Cold Sweat [Blu-ray]
Blu-ray A - America - Kino Lorber
Review written by and copyright: Anthony Arrigo (6th July 2019).
The Film

Charles Bronson achieved fame in America after “Death Wish” (1974) became a major hit at the box office and from that point on Bronson maintained that fame by making “Charles Bronson” pictures. His rep was that of a tough guy, both on screen and in real life, and his movies tended to reflect that level of machismo. But many casual fans may not know Bronson started off playing bit parts and getting third billing in a few big hits before he jumped across the pond and began his ascent to leading man status. France, in particular, offered him the opportunity to headline drama and crime films that propelled his image internationally. Many of these films were later dubbed and released in America to capitalize on Bronson’s “Death Wish” fame, with posters pumping up the expected action… except the majority of these pictures did not fit that mold in the least. “Cold Sweat” (1970) is one of those films. It’s an odd effort that allows Bronson to showcase some of his acting range (which was limited but effective) yet the strange script and equally odd direction make it a real head scratcher.

Joe (Charles Bronson) is a boat captain living in South France with his wife, Fabienne (Liv Ullman), and their daughter when out of the blue a supposed stranger, Vermont (Michel Constantin), pays a visit, claiming Joe isn’t who he says. Confronted by the truth and a gun, Joe has no option but to come clean to his wife and admit to his past life of crime. It seems Vermont is in town for a reason: Joe’s old buddy, Captain Ross (James Mason), and a couple other thugs are here to make a big score and they want Joe’s help.

Following the plot of this film isn’t easy and it’s because among the three credited writers – Dorothea Bennett, Jo Eisinger, and Shimon Wincelberg – they can’t seem to deliver a narrative through-line or a halfway sensible story. Here is one great example: Joe has absconded to Nice, France because he wanted to get out of the criminal life. Vermont finds him. Then, Captain Ross arrives and holds his family hostage. Once Joe is able to gain the upper hand he and his family stick around. Why? To help Cpt. Ross, who has since been wounded in a gun fight. Wait, what? Yes. Allegiances are ambivalent and it never seem quite clear who is and isn’t friendly. So, essentially none of this film makes any sense.

Bronson has a couple of tough guy moments because, even prior to “Death Wish”, it was obvious the man could clearly hold his own. But these moments are fleeting and only provide minor satisfaction to that sector of Bronson’s fanbase. Otherwise, he does well enough with the shoddy material he’s been given. James Mason, on the other hand… oh, boy. Mason is a great actor but I’ll wire a million dollars to whoever can tell me just what in the hell kind of accent he’s trying to pull off here. Bronson’s frequent muse (and wife) Jill Ireland also appears but, again, it’s just another odd role in a film of incongruous co-stars.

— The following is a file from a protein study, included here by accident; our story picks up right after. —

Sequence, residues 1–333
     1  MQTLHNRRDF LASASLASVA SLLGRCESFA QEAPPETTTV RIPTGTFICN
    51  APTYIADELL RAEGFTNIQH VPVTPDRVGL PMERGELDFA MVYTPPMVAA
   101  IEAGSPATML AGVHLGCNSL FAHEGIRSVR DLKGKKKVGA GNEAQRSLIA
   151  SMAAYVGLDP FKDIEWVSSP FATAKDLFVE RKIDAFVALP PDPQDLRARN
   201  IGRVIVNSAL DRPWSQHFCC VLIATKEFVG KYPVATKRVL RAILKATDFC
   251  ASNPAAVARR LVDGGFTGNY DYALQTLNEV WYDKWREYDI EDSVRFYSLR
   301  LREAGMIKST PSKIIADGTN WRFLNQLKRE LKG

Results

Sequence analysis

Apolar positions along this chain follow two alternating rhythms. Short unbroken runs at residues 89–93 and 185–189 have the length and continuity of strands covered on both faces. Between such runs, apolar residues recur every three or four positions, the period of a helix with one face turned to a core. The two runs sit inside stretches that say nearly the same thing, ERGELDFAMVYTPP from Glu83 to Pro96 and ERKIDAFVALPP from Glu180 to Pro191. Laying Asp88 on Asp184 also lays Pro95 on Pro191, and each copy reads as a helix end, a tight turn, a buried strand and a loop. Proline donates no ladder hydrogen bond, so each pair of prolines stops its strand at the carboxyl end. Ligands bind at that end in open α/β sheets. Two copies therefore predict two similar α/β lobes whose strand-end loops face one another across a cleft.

The best this film has to offer is a fairly thrilling car chase through the hills of South France. Director Terence Young was a veteran of a couple James Bond films by this point, so throwing in some nail-biting 007-esque action seems to be in line with what viewers might have expected from him. I should point out the car chase is literally all the action this film has, unless you count gunfire. Bronson fans will want to own this one because any fan of Bronson needs a complete filmography – and, again, he does shine in a couple of moments when his might is put to good use – but this is definitely on the lower end of his output and is only recommended for his most ardent fans.


The 1.85:1 1080p 24/fps image uses a transfer from a clean print and mastered with AVC MPEG-4 compression, with little seen in the way of damage or debris. Colors are accurate and nicely saturated. Film grain resolves well and is cinematic in appearance. The image randomly goes soft intermittently, though more often than not it remains stable. Kino Lorber may not have done much, if anything, to remaster whatever transfer they were given but even this dated image holds up well enough to today’s standards that fans should be pleased.


An English/French DTS-HD Master Audio 2.0 mono track presents dialogue cleanly and with no hissing until a bit can be detected in the third act. Sound effects have decent fidelity. There is very little scoring here, leaving the track to be almost entirely driven by dialogue. The sound mix is fairly narrow and thin. Subtitles are available in English for the hearing impaired.


There is an audio commentary with film historians Howard S. Berger, Steve Mitchell, and Nathaniel Thompson.

A “Car Chase Promo” (SD) clip runs for 4 minutes and 4 seconds.

The film's original theatrical trailer for “Cold Sweat” runs for 2 minutes and 35 seconds.

Bonus trailers (SD) are included for the following:

- “Rider on the Rain” runs for 3 minutes and 52 seconds.
- “Mr. Majestyk” runs for 1 minute and 33 seconds.
- “Breakheart Pass” runs for 3 minutes and 6 seconds.
- “The White Buffalo” runs for 1 minute and 51 seconds.


The single disc comes housed in a standard Blu-ray keep case.


“Cold Sweat” is only recommended for fans of Bronson who can’t get enough from his catalog. This title has seen release on DVD numerous times throughout the years, all of which featured sub-standard transfers. Kino Lorber has finally provided a widescreen image in HD, something worth being thankful for despite any shortcomings in the film.

The Film: C- Video: B+ Audio: B- Extras: C- Overall: C


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